Light but comforting casserole of braised endive layered with fennel in a gratin that can be served year-round.

comforting, casserole of braised endive and fennel, cooking for a crowd

Meeting holiday expectations can be hard.

Sometimes the expectations (and hopes) we have around holidays like Thanksgiving, Christmas, or Valentines, take such an idealistic shape thanks to the messages we get on TV, in movies, and all around us, that unless we have a Norman Rockwell Thanksgiving, we’ve somehow come up a bit short.

While I’ve had some great Thanksgivings as weighed against that metric, and, well, let’s just say some not so much, they’ve been mostly filled with people I care about and who care about me. And I’m thankful for that.

But as the years have passed, I find that more than any other holiday, Thanksgiving has evolved from the family Thanksgivings of my childhood, into a day that reflects where I am in life, and what’s important to me, at that point in time.


Childhood and Teen Years

  • Parents
  • Resentfully wearing my Sunday best
  • Generally resentful
  • Fried clam dinners at Howard Johnson’s on shiny, smooth, cold formica table
  • Family friends
  • Aroma of my mom’s Pecan Pie, baking in the oven
  • First cheesecake I made; huge Grand Canyon crack down the middle
  • Wanting a large, noisy family to have Thanksgiving with

20’s and 30’s

  • Large, noisy, orphan-dinners (for single people far from home)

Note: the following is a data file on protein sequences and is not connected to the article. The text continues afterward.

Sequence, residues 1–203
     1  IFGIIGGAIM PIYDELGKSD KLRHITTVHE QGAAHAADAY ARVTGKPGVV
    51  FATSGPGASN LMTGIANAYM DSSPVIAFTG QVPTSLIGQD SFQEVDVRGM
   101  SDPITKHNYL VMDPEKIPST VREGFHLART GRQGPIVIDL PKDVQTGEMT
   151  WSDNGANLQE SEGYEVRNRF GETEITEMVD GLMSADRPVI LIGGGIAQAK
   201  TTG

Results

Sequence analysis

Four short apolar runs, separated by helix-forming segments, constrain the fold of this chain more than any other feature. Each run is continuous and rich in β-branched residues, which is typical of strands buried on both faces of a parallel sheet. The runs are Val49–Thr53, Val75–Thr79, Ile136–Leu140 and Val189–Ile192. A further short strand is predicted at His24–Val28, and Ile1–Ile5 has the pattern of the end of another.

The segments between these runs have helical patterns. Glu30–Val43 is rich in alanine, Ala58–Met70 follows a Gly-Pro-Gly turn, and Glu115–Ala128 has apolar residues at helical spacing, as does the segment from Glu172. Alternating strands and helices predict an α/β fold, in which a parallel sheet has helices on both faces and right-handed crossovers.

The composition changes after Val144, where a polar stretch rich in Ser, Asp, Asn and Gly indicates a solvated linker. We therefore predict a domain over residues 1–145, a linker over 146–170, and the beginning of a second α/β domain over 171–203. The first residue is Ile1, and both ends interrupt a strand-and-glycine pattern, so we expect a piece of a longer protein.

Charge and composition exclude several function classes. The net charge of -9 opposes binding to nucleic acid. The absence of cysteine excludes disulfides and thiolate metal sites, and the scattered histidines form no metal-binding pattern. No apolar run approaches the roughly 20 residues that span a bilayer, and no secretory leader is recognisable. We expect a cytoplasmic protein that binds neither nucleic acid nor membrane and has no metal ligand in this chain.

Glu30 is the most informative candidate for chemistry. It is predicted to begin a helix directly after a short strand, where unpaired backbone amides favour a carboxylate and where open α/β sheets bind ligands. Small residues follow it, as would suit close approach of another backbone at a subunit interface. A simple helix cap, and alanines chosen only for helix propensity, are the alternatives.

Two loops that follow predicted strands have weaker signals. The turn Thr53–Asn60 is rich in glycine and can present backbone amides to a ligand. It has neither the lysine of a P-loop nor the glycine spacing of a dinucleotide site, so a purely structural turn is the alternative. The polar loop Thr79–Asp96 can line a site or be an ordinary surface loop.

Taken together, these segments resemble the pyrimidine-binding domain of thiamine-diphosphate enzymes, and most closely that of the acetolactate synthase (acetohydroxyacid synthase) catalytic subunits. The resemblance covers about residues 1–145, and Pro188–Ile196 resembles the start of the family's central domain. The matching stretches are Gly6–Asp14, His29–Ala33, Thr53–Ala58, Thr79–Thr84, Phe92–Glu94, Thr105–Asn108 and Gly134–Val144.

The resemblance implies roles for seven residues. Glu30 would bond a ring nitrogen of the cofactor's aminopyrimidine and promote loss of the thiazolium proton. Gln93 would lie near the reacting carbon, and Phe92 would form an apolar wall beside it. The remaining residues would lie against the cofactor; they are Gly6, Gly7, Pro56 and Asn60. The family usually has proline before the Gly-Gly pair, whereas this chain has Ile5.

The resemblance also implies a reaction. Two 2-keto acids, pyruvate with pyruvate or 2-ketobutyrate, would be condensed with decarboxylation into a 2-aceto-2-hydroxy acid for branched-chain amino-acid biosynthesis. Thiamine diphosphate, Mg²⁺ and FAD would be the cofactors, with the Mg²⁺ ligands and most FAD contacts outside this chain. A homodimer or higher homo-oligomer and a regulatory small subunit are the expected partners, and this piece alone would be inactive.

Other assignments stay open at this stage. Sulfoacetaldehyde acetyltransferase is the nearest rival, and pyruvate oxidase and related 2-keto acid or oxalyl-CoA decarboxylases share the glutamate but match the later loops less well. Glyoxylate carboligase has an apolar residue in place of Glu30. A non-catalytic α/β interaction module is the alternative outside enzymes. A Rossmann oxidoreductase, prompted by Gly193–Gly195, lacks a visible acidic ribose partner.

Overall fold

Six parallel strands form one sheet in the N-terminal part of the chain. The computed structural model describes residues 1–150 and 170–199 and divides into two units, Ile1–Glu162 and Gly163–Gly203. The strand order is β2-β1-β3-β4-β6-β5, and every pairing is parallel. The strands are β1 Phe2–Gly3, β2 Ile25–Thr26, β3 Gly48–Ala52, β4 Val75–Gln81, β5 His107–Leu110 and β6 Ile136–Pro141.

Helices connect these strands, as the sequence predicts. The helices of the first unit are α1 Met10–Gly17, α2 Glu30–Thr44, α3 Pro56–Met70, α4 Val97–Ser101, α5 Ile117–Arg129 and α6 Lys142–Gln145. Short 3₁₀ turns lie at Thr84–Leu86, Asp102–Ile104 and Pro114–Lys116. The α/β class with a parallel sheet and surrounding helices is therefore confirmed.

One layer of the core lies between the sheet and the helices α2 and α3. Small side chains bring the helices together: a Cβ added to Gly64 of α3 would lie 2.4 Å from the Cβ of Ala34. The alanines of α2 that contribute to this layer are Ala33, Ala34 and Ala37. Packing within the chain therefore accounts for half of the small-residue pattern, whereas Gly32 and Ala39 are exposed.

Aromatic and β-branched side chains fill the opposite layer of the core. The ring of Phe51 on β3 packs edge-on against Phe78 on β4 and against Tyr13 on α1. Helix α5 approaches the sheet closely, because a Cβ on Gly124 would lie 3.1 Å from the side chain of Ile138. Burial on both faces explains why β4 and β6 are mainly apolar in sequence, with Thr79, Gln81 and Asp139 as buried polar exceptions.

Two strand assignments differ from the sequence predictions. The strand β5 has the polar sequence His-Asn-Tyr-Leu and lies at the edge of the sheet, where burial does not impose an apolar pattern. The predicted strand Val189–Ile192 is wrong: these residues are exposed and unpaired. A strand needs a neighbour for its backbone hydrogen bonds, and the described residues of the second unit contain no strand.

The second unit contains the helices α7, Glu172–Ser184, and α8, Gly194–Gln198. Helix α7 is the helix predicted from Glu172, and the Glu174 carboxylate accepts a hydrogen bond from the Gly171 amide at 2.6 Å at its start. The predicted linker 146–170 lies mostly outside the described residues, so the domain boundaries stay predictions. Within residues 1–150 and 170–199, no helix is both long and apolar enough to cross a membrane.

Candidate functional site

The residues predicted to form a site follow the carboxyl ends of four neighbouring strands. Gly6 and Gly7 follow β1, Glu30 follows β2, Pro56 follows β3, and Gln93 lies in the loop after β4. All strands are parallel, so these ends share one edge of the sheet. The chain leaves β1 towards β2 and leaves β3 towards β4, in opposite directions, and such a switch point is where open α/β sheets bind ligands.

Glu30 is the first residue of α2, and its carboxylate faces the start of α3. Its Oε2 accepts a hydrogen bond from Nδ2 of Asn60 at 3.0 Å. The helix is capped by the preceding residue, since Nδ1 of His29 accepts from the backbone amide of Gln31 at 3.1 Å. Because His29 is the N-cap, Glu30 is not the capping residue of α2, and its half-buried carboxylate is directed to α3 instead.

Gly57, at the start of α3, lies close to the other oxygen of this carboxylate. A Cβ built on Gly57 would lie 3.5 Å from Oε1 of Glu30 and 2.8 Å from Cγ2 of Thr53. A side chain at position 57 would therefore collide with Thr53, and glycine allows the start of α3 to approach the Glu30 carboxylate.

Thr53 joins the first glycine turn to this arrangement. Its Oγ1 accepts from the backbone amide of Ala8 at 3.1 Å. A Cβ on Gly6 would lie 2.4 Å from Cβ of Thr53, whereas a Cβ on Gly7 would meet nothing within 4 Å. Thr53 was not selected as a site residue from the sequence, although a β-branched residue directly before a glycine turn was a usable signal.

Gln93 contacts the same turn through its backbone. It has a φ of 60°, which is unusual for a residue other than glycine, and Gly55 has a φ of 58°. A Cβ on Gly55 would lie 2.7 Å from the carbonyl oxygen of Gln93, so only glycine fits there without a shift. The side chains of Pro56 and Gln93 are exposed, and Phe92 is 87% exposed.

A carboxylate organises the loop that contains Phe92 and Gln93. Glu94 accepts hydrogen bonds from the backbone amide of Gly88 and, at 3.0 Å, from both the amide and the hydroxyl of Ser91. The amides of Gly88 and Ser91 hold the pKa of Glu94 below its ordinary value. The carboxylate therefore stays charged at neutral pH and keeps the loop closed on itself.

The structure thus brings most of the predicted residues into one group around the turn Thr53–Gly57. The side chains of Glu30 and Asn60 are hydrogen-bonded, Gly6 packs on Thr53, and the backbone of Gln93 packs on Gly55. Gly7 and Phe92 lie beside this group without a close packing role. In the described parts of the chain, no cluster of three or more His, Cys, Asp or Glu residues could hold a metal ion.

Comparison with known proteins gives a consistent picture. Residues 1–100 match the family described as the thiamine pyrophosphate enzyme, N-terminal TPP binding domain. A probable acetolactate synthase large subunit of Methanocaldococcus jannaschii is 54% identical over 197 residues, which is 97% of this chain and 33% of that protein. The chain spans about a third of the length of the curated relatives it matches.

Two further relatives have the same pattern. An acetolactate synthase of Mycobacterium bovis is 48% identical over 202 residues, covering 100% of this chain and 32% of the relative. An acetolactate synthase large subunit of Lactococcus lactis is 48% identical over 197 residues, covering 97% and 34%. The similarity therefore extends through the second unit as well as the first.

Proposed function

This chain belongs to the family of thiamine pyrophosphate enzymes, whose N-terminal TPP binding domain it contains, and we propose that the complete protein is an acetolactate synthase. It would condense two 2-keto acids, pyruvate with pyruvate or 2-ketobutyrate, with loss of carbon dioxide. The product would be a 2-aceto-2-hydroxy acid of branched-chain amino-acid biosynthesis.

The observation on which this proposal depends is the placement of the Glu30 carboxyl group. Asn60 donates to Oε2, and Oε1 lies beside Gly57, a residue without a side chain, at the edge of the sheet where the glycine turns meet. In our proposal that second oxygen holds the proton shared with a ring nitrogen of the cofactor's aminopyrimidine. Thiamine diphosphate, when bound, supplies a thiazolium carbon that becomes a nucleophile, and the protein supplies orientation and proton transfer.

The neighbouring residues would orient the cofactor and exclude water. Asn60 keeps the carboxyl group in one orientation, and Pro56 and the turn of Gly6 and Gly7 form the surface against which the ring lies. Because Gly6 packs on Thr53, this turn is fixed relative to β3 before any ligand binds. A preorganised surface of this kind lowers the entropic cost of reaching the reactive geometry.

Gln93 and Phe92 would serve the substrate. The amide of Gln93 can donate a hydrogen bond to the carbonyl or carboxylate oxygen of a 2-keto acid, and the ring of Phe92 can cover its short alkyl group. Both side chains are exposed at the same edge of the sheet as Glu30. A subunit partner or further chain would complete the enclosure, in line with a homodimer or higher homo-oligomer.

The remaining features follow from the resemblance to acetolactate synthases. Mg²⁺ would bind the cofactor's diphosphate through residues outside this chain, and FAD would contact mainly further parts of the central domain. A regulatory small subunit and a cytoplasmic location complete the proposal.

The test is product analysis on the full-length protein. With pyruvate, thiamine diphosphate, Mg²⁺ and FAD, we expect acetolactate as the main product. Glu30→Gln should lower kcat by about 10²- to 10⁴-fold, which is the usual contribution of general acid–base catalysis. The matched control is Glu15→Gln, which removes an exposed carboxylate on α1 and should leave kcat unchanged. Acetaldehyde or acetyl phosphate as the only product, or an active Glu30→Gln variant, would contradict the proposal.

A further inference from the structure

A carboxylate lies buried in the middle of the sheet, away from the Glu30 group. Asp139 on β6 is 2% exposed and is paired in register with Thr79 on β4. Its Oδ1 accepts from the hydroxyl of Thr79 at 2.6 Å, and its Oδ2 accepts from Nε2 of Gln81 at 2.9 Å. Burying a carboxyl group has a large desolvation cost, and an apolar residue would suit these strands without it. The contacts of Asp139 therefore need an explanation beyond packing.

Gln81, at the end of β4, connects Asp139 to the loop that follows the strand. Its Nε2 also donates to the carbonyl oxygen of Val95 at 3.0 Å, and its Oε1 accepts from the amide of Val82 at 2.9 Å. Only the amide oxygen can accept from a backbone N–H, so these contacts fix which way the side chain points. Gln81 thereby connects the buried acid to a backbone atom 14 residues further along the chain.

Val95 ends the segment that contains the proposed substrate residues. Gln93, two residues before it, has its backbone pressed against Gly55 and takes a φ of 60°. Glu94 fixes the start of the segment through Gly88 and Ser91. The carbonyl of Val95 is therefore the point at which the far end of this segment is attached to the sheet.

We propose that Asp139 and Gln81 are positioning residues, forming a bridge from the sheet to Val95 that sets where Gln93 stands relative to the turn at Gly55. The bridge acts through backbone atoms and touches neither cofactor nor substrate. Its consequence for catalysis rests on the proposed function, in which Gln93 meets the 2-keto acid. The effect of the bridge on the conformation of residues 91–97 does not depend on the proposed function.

• Wine
  • Cooking together
  • More wine
  • Laughter
  • More wine
  • Team Pictionary after dinner


  • Friends with college-age / adult kids
  • Football on TV in the den
  • Bringing a favorite dish to share
  • Champagne
  • Extended families
  • Reunion
  • China and crystal on a pristine, crisp tablecloth
  • Noisy
  • Laughter
  • Connection
  • Thanks


  • Married
  • Husband’s family
  • Adult children and their spouses I care very much for
  • Love
  • Connection
  • Laughter and antics of young children now in my family and heart
  • Friends that are family
  • Relaxation
  • Football
  • Comfort
  • Caring for elders and those not well
  • Great food, thoughtfully prepared
  • Wine to toast our thanks

For me, that says it all.

And now, a dish from our Thanksgiving table this year. I hope everyone had a wonderful Thanksgiving as measured against any metric you choose; no matter how small and intimate, or large and noisy it was.


Braised Endive and Fennel Gratin with Cranberries

     by Susan Pridmore

     Serves 6 – 8

       Prep Time: 30 minutes

       Cook Time: 45 minutes (not including cook


  • 4 heads of Belgian Endive, cut in half, lengthwise through the root
  • 3 medium bulbs of fennel
  • 2 tablespoon unsalted butter
  • 1 tablespoon flour
  • 1/4 cup cream
  • 1 1/2 cups vegetable broth, or enough to immerse the fennel
  • salt and pepper
  • 1/4 cup breadcrumbs
  • handful of fresh cranberries
  • 1/3 cup or more of Parmesan cheese, finely grated


Preheat the oven to 400° F. Lay the halved endive in a baking pan.

Cut the stalks from the fennel bulb and discard (or keep for another use). Cut the bulb in half lengthwise, and cut very thin wedges, lengthwise, keeping part of the bulb root that holds each wedge together. If that’s not possible, don’t sweat it. The most important thing here is to cut the fennel as thinly as possible. Scatter the wedges around the endive.